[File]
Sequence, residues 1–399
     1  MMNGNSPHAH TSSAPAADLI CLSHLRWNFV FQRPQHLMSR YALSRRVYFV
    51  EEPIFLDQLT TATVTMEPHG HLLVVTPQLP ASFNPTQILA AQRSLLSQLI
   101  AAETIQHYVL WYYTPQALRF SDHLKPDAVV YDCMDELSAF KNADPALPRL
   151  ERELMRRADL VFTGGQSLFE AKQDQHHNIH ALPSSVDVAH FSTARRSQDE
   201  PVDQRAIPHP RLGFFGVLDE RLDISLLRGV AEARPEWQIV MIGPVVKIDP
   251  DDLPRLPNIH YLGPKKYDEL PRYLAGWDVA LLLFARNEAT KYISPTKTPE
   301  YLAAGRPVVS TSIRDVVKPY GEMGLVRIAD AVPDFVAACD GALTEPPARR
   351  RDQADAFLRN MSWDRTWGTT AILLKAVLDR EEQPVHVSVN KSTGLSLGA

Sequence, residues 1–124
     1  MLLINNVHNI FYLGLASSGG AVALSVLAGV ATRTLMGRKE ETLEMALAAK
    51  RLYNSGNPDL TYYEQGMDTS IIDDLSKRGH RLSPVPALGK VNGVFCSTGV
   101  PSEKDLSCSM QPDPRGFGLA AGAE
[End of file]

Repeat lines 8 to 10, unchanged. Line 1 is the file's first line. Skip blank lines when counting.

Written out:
   301  YLAAGRPVVS TSIRDVVKPY GEMGLVRIAD AVPDFVAACD GALTEPPARR
   351  RDQADAFLRN MSWDRTWGTT AILLKAVLDR EEQPVHVSVN KSTGLSLGA

Sequence, residues 1–124